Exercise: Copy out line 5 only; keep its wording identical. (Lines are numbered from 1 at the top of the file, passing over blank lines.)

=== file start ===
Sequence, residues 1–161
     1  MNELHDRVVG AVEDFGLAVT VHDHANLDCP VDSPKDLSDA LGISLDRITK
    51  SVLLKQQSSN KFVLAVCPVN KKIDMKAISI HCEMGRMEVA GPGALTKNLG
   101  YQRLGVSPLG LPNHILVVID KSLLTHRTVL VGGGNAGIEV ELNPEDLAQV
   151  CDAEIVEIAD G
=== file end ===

   151  CDAEIVEIAD G